Data Masking in Percona Server for MySQL to Protect Sensitive Data

Data Masking in Percona Server for MySQLStarting with Percona Server for MySQL 8.0.17, Percona Server ships with a data masking plugin, using the same API as the MySQL Enterprise Masking and De-identification feature. This plugin was developed by Francisco Miguel Biete and was submitted to Percona Server as a community contribution. He also wrote an excellent post describing his contribution for Percona’s Community Blog titled Percona Server for MySQL 8.0 – New Data Masking Feature and the full list of functions can be found in the documentation of the MySQL Enterprise plugin.

What is Data Masking?

The data masking plugin mentioned above provides easy-to-use methods to hide sensitive data, such as social security numbers:

Or even to blacklist words contained in a dictionary, replacing them with randomly chosen replacements:

Performance

An important question before using a plugin like this is its cost: How does it compare with a different approach? As the goal is hiding some data from the user, this approach could be:

  1. Not masking at the SQL-side at all, and implementing it completely in the program that uses the database
  2. Using existing functions and user functions in views/queries directly to achieve a similar result
  3. Adding masked columns, or masked tables, to the database

The runtime performance of selects in 1 and 3 are roughly the same: for 1, the masking performance is moved to the client program, not the SQL server. For 3, it happens during inserts. Both also have additional costs, as (1) requires changes in (all) client programs, and (3) increases the space requirements significantly.

The second option is only realistic for some of the features: for example, the SSN masking above could be implemented with the right substring and concatenation.

Masking Functions

Most functions provided by the plugin perform simple string replacement, such as the function that masks an SSN, credit card number, or simply a substring at the given positions. These have the same performance characteristic, for example, we can see the following numbers running sysbench tests using different SSN masking scenarios:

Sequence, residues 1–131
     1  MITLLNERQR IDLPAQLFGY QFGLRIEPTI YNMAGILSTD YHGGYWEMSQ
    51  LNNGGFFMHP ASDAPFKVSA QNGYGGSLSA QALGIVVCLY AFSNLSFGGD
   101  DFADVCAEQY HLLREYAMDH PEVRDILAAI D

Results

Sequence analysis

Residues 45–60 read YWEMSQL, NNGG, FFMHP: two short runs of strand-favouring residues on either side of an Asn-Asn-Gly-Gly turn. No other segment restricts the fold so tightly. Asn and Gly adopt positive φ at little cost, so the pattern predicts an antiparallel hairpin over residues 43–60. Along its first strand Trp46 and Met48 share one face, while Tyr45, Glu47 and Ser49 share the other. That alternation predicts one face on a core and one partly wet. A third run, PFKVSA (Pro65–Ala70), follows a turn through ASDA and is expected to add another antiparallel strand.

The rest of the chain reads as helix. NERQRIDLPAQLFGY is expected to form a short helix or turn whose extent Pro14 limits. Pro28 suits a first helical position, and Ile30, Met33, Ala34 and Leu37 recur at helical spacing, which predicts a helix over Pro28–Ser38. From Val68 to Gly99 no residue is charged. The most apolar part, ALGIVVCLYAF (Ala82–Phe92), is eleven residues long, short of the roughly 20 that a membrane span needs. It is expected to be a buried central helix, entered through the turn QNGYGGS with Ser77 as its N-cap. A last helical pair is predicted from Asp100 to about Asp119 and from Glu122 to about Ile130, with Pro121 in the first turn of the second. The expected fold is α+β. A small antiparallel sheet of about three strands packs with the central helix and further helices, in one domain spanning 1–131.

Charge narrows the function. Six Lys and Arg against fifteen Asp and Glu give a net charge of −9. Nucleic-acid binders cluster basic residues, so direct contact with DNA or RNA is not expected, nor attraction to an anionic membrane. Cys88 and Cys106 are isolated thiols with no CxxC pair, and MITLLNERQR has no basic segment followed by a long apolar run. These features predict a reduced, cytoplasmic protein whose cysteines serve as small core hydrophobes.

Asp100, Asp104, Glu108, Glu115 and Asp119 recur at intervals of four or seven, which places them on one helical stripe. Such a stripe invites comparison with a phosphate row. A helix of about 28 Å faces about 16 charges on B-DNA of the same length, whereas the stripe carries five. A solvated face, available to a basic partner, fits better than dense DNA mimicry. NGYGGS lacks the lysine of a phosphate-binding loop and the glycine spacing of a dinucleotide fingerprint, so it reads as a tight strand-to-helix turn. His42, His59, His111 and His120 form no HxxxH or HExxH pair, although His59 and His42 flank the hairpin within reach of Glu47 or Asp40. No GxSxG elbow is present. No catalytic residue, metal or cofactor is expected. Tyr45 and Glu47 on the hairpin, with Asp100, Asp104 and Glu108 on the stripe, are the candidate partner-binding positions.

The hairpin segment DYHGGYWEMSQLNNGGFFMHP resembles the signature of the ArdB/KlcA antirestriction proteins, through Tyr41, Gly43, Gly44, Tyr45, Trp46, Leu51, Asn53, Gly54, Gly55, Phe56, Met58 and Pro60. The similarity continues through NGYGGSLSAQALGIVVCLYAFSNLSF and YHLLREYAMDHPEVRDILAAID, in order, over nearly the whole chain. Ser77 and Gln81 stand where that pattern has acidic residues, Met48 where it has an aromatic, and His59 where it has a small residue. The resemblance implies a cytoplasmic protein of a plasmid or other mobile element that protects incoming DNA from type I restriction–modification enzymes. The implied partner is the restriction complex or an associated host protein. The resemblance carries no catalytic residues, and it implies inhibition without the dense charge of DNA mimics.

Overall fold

ImplementationQueries per second
SELECT ssn (unmasked)2503
SELECT mask_ssn(ssn)2287
SELECT CONCAT(“XXX-XX-“, RIGHT(ssn, 4))2303

As this table shows, mask_ssn and manual string manipulation have similar performance, while if the plugin is loaded, the masking function is easier to use and maintain.

Replacement Functions

Some functions, however, operate on a list of strings, such as the already mentioned gen_blacklist. These lists use linear complexity algorithms in 8.0.17 and 8.0.18, and such are best suited for small dictionaries. Starting with 8.0.19, the algorithm is changed to a logarithmic complexity search, at the cost of increased dictionary loading cost. Since dictionaries are typically loaded once during the servers run but used many times, this reduces execution times with larger dictionaries.

With logarithmic search times, the performance of some dictionary sizes are shown in the table below:

Dictionary sizeQueries per second
0 (no blacklisting)2506
102063
1001885
2001863
5001731
10001558
1000 (100 matching)1875

Note that while the search itself is logarithmic in complexity, the queries were all run on the same dataset: one million records, each randomly chosen from a dictionary of 5000 entries. In most rows in the table, not only the dictionary size is larger, but the blacklist function also finds more matches, resulting in more and more string replacement. As all items in the dictionary are from the dictionary used to generate the column, the smallest, 10 item dictionary only replaced 0.2% of the results, while with a size of 1000, it reached 20%. The test was kept this way as this is realistic – a larger dictionary usually results in more matches.

Also, the last entry showcases a dictionary where only 10% of the records are present in the actual table, showing the search performance against the other 1000 entry table.

Contributions

Percona Server welcomes contributions, both new features such as this plugin or bug fixes correcting existing issues. Patches should be submitted via a github pull request to the percona-server repository. Before submitting something, make sure to:

  1. Base the change on the branch of the lowest version that makes sense (5.6, 5.7, 8.0). For bug fixes, this generally means the earliest version where the issue can be found. For new features or improvements, it can be a higher version.
  2. Follow the coding style and conventions of the base version. For 8.0, the source code has a clang-format configuration file, and new changes should be formatted with clang-format-8. For 5.6 and 5.7, the code should be manually formatted similarly to the existing code; keep in mind that InnoDB and the rest of the server uses a different style!
  3. Only submit original work, or if the diff includes third party code (libraries, samples, etc.), make sure to keep the original copyright, and that the license is compatible with GPL.

After receiving the submission, a Percona Server developer will review it. This may take time, depending on the size of the patch. The reviewer is able to request changes before the pull request is merged or may change the code directly before merging.

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